The Competition for Talent in Tech Heats up With no Signs of Slowing Down

Sean Finn from CTIA’s advisory board for tech and cyber security gives us an update on competition for talent in tech!

What is the data showing us?

The Australian Government Labour Market Information portal January 2022 update shows us that job vacancies are at the highest levels since 2009 in Tech, Trades and Professionals – and have risen 50% since this time last year.

There is a huge unmet demand for tech professionals both now and expected to continue through to 2025 and beyond.

How did we get here?

A Demand Spike has occurred with no sign of slowing down.

The biggest disruptive shift in the last two years is that most business is now conducted online rather than in person. Continual lockdowns have accelerated the adoption of tech and e-commerce, and it is the first time that more than half of all business to consumer interaction occurred online over the Internet.

All Australian businesses now need tech skills just to conduct the business basics. If businesses want to compete and thrive, even further tech skills are needed. Tech is now at the core of every Australian business.

A shortage of new talent on a number of fronts has occurred.

University and higher education training organisation placements within Australia are at a third of what they were before the Covid-19 Pandemic closed Australian borders to International Students. Graduates coming out of this talent pipeline are at an all-time low. New talent trained overseas and entering Australia to work slowed down to zero during the Pandemic. Likewise, national borders were closed internally making migration between states difficult. There are more jobs available than qualified people to fill them.

A perfect storm.

This incredible increase in demand for tech talent – almost overnight, combined with a sudden shortage of immediately available skills and reduction of these skills coming onto the market has led to an accelerating gap between workforce availability and demand. It will take time to catch up to meet this demand. There is a predicted shortage through to 2025 and beyond.

What does this mean for Employers seeking Talent?

An organisation has two primary sources of talent – they can hire those with the talent that they seek, or retain their existing talent and provide training to grow them into the roles that are scare and in demand.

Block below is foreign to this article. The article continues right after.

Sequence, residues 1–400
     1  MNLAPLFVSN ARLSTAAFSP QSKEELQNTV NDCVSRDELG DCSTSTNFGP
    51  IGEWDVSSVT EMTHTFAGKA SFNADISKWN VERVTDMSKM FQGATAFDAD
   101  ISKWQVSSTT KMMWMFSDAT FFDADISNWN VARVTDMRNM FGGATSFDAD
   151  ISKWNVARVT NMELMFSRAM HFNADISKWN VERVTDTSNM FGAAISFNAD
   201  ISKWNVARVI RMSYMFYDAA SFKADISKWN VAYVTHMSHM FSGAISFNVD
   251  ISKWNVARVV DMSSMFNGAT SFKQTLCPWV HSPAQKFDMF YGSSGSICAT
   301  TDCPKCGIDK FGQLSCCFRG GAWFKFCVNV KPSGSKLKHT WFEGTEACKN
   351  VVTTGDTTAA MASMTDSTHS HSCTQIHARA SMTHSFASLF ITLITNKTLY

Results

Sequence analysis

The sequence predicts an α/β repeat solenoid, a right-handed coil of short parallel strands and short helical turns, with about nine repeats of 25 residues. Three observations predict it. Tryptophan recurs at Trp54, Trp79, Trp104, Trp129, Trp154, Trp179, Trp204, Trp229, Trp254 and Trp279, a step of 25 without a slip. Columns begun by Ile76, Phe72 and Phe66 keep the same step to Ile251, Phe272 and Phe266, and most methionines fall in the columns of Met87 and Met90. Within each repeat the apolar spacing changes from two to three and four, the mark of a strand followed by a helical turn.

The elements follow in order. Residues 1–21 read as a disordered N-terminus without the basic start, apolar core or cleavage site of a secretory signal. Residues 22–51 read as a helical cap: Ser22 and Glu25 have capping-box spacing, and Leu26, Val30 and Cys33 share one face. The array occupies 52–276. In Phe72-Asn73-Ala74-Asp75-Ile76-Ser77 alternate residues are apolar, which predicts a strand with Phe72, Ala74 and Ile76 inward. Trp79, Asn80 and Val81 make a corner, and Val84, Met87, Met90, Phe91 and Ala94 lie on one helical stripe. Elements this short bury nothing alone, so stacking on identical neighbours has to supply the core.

Employers are actively seeking to recruit this new talent entering into the marketplace, as well as to attract existing talent to switch over from other firms.

This creates a two-pronged opportunity for employers – how do we retain our existing staff that already understand our values and mission and encourage them to stay with us, and how do we attract new talent – both those entering into the marketplace and

The answer lies in how attractive we are to new staff, and how attractive we are to our existing staff. Employers of today need to win new staff and actively fight to keep their existing staff. This is made more complex as our workplace cultures have shifted from primarily in the office to an almost equal balance of Workplace vs Work from Home in the tech sector.

What does this mean for those with talent or thinking of skilling up?

Talent of today has more options and greater choice. Those with appropriate tech talent are in demand by employers and have greater choice today than they have had in the past. Talent of today is more likely to be in a position to compare offers from multiple employers and evaluate the balance of work/life requirements, compensation packages and workplaces cultures to find a place that is their best fit.

Conditions are improving across the board. Employers are actively seeking to attract already employed talent to change employers in an arms race of conditions, culture and remuneration benefits – all seeking to be employers of choice.

There are also a widening variety of skills required – allowing talent to better investigate their areas of interest and personal satisfaction. Broad skills or T-Shaped individuals will continue to be in huge demand, with those possessing both soft skills and a wide range of tech skills being in the greatest demand. Further specialisation, training and skill acquisition will continue to make tech talent even more desirable and in a better position to negotiate.

There has never been a better time to be seeking employment.

Where does the common good lie?

It’s clear that organisations providing training to existing staff will help to both attract talent and retain staff by growing existing talent internally. Individuals seeking employment are better placed to compete for a widening array of jobs with a wider array of skills in their toolkit. Training is the key to closing this gap and increasing opportunities for business and individuals alike.

About Sean:

Sean joins CTIA as a business advisory board member and has deep experience in providing mission critical ICT in internet-facing ecommerce systems and operational technology systems for Mining, Defence and Aviation. Sean has acted as the final technical escalation point for incident response over a twenty-year period for these environments and has a deep passion for incident prevention. Sean is currently employed by Boeing in the Product Owner role for Secure Platforms and Classified Environments on the Wakulda program.

Sources for further reading:


Labour Market Information Portal: Data Visualisations


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